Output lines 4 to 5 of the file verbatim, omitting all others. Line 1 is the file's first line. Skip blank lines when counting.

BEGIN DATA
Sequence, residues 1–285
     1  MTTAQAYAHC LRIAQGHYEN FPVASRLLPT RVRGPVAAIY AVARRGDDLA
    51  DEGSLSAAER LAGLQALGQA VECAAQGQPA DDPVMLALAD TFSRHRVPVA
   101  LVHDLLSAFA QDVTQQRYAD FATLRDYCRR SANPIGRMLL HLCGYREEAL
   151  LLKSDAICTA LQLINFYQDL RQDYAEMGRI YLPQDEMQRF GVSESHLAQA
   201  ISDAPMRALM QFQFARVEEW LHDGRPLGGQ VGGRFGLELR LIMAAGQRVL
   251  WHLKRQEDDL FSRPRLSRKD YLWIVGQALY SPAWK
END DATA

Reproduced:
   101  LVHDLLSAFA QDVTQQRYAD FATLRDYCRR SANPIGRMLL HLCGYREEAL
   151  LLKSDAICTA LQLINFYQDL RQDYAEMGRI YLPQDEMQRF GVSESHLAQA